Winter is here!

I’ve been enjoying the cold days of winter.


Well, since my last post I had been healing from an oral surgery in which until this day, there still a little bump in my jaw. Fortunately  for me I was able to rely on my spinning and some felting while I was healing.

Amphora Amphora Australia Australia DSC_4718 DSC_4719 DSC_4723 DSC_4724DSC_4726

DSC_4725 Pathway Pathway Aubergine Aubergine Woodland Gnome Woodland Gnome DSC_4734 DSC_4737


Dyeing Yarn

I’ve been having so much of a good time dyeing yarn. I got about 100 skeins of fingering weight yarn last month. I have been using different methods and they all achieve different results.

Candy Rush

Candy Rush



Forbidden Fruit

Forbidden Fruit









And the last but not the least, this is my Equatorial yarn. I got inspired by the Selvedge magazine cover from the Summer of 2013 issue.



They are all listed now in my Etsy shop. I think I still have about 80 blank skeins that I need to go through. Fun!


Getting some spinning done

I’ve been trying to get caught up with my spinning. This is my “Tuscany” SW Merino:

SW Merino

SW Merino

This is from my last SAL “Alice in Wonderland”. I want to knit a pair of socks with this yarn, and my goal has been to spin fingering weight yarn. This is the first skein of two and right now I’m working on the second skein.

SW Merino

SW Merino


2 ply

2 oz

190 yards

Fingering weight

13 wpi


Summer is just around the corner!

I can’t believe it! Where the time has gone? I just realized it after I got a friendly reminder from a client about our next SAL (Spin Along). So I started right away coming up with colors and working on my graphics. And here it is!

Summer of Love SAL

The SAL will be run at our Ravelry group. There is a designated thread, where we will post our pictures, chat a little bit, post questions, but more important, we will have fun and inspire each other. We will also combine it with the annual Tour de Fleece. This year, the Tour de Fleece starts Saturday June 29th and runs until Sunday July 21st, 2013. Yes, of course, we also have our own official group going (thanks Rachael) and so far we have a few participants already joining in our team! I still have a few spaces for our SAL listed in my Etsy shopif you are interested in join us.

Summer also comes along some with fun fiber related fairs. I will be going to Healdsburg for a small, but nicely put ANNUAL SPINNER’S DAY ON THE FARM event, organized by JoAnn Slissman and sponsored by SONOMA COUNTY FIBERTRAILS.

Spinner's day at Healdsburg

The setting is beautiful and last year the weather was perfect. The fair will be held on Saturday June 8th, 2013 from 10 am to 4 pm. Spinners gather under the canopies of Redwood trees and of course, being in Sonoma County, among beautiful vineyards.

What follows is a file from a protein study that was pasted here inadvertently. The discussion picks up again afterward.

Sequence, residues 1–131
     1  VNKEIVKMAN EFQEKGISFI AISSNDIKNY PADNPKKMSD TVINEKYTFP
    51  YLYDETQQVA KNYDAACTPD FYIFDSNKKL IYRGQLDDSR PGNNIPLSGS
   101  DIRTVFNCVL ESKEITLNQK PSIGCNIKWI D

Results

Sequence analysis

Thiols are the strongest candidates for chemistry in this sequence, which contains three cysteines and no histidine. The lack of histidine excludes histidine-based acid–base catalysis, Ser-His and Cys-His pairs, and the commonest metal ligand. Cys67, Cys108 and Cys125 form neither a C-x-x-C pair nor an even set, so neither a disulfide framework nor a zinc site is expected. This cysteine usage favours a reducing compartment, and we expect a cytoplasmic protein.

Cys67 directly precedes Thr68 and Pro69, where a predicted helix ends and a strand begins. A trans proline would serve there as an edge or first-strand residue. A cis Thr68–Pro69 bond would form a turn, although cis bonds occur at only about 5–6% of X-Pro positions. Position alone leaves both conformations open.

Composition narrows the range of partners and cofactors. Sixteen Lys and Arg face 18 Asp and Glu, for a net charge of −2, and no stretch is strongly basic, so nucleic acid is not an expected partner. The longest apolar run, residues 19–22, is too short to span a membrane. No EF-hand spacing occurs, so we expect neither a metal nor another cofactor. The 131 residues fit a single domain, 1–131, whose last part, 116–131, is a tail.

Spinner's day

Spinner's Day

Spinner's Day

The venue might be changed for future events, since the farm has been sold to a new owner, so if you have the time to visit, don’t miss this opportunity and bring your spindle or spinning wheel with you. The address is: WESTSIDE FARMS, 7097 WESTSIDE ROAD, HEALDSBURG, CA. You can google the address for directions. A pot-luck lunch will be shared.  If you feel like, please bring a dish, your own cutlery, plate, and beverages.

Spinner's Day

But it doesn’t end here when it comes to fairs. I will be also going to Yarnival from July 19th to the 21st, organized by Lexy Boeger and held at the Boeger Winery. I’m doble excited, because I also signed up for a workshop with Michelle Snowdon AKA The Wool Dancer. I will post more details about Yarnival as the time gets closer.


Hand Spun

I’ve been spinning for a few years now, and my stash of hand-spun yarn keeps growing and growing. I know this is not news for any of us that spin our yarn, but I’m selling and using less of my stash and producing more. When I want to knit something in particular, it gives me a special joy going through my stash and finding something suitable for that particular project. A few days ago, I came upon a “forgotten” skein hidden in a bag inside another bag. It is single strand dyed in a variety of pastel colors spun from Merino wool. At that moment I didn’t know what I wanted to knit with it, but I left the skein sitting in a place where I could see it form time to time. I wanted to knit something in the round, but not another hat. Since Merino is perfect for next to skin garments I thought that a scarf would be suitable for my skein of yarn. So, I started my project with a crocheted circle made with 16 sc, and then I casted on 16 st around a to start knitting my circle.

Casting on

I’m using 9 inch circular knitting needles, which is a little pain in the… It took a while for my clumsy hands to get used to handling such a small length but after the second circle, I got a bit faster. I can’t imagine people with big hands being able to use these needles without any problem. The next day, my hands were a bit sore and I’m suspecting that it is from using the needles. I might switch to double pointed from now on.